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Short telomeres drive pessimistic judgment bias in zebrafish

Cite this dataset

Oliveira, Rui et al. (2021). Short telomeres drive pessimistic judgment bias in zebrafish [Dataset]. Dryad.


The role of telomerase reverse transcriptase (TERT) has been widely investigated in the contexts of aging and age-related diseases. Interestingly, decreased telomerase activities (and accelerated telomere shortening) have also been reported in patients with emotion-related disorders, opening the possibility for subjective appraisal of stressful stimuli playing a key role in stress-driven telomere shortening. In fact, patients showing a pessimistic judgment bias have shorter telomeres. However, these evidences in humans are correlational and the causal inference of pessimism driving shortening of telomeres has not been established experimentally yet. We have developed and validated a judgment bias experimental paradigm to measure subjective evaluations of ambiguous stimuli in zebrafish. This behavioral assay allows classifying individuals in an optimistic-pessimistic dimension (i.e. from individuals that consistently evaluate ambiguous stimuli as negative to others that perceived them as positive). Using this behavioral paradigm we found that telomerase-deficient zebrafish (tert/) were more pessimistic in response to ambiguous stimuli than WT zebrafish. The fact that individuals with constitutive shorter telomeres have pessimistic behaviors demonstrate for the first time in a vertebrate model a genetic basis of judgment bias.


Fish and Housing

Fish used for the development and validation of the judgment bias paradigm were 4 months old male wild-type (Tübingen strain) zebrafish (Danio rerio). The telomerase mutant line tertAB/hu3430 was used to assess the role of telomerase in the modulation of judgment biases that produce subjective evaluations. All fish were bred and held at Instituto Gulbenkian de Ciência (IGC, Oeiras, Portugal).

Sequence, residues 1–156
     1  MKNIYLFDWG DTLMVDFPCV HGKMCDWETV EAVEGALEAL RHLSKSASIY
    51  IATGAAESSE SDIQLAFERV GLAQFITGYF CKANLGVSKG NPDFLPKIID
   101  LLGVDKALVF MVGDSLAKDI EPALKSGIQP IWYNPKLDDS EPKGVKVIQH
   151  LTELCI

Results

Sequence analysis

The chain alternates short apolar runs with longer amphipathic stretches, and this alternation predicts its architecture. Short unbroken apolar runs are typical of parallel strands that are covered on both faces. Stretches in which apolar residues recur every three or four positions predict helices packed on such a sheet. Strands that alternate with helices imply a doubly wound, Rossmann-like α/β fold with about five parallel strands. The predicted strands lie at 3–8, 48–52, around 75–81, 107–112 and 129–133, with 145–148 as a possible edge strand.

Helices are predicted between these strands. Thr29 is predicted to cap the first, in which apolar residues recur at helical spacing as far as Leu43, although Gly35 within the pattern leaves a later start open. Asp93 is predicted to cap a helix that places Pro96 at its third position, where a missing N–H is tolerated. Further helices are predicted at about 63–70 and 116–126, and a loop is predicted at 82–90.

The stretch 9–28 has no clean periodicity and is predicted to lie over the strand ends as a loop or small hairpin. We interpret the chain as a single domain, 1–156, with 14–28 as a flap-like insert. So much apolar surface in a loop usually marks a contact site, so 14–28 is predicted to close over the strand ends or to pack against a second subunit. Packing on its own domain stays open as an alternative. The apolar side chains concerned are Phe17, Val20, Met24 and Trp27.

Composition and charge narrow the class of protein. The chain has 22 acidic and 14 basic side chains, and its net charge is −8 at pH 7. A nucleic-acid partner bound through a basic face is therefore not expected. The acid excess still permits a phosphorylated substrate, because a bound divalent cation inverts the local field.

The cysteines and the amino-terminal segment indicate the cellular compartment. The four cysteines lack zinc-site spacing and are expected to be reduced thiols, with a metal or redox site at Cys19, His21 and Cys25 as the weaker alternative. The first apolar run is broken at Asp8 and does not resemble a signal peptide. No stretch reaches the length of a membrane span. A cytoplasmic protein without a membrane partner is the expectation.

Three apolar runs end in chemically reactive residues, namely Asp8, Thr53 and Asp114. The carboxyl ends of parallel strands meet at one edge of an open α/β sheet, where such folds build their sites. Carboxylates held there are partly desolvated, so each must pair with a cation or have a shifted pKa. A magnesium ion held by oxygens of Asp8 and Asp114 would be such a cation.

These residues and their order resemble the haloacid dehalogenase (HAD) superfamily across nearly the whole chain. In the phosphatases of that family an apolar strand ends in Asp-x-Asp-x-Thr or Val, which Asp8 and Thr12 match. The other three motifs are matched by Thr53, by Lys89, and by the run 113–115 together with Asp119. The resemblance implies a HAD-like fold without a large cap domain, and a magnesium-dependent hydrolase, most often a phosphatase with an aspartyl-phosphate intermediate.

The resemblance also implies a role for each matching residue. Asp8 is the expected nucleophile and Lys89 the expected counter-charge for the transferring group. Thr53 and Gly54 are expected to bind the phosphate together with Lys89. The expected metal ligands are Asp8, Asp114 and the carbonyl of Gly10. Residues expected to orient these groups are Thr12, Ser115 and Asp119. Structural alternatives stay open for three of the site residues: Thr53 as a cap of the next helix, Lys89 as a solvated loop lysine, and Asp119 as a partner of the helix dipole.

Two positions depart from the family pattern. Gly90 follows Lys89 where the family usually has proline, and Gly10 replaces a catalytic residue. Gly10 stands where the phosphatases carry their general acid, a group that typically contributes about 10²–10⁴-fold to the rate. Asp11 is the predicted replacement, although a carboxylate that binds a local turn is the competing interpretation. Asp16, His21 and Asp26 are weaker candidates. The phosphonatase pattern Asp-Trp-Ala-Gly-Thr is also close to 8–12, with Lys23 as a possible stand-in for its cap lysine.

Ethical Statement

All procedures were performed in accordance with Institutional and National regulations and guidelines, reviewed by the Ethics Committee of the Instituto Gulbenkian de Ciência, and approved by the competent Portuguese authority (Direcção Geral de Alimentação e Veterinária).

Judgment bias test

In this study, we have developed and validated a judgment bias test for zebrafish that is based on the judgment bias experimental paradigm published by Harding et al. [4]. In this discrimination task, fish are trained to perform one response (Positive (P)) when one cue is presented (specific location/color cue) in order to experience a positive event. Furthermore, fish are also trained to perform a different response (Negative (N)) when presented with a different cue in order to avoid a negative event. For technical reasons, the responses used in this study were lower (P) or higher (N) latencies in entering the experimental arms of the behavioral apparatus. Once fish were trained on this discrimination task, they were then tested by exposing them to occasional unreinforced ambiguous cues.

Behavioral observations

The latency to enter in the target arm (60 s maximum) was recorded for each trial. Video recordings were analyzed by using computerized multi-event recorder software (The Observer XT, Noldus technology, version 9).

Statistical analyses

The validation of the judgment bias paradigm was analyzed by one-way analysis of variance (ANOVA) followed by the Holm–Sidak post hoc test. The effects of Genotype (tert-/- mutants and WT) and Age (4 and 9 months old) on judgment bias were analyzed using two-way ANOVA followed by Holm–Sidak post hoc tests. Behavioral data of tert-/- mutants and WT siblings were logarithmically transformed to meet the assumptions for parametric testing.


Bial (Portugal), Award: 130/12

European Commission, Award: H2020-MSCA-IF/703285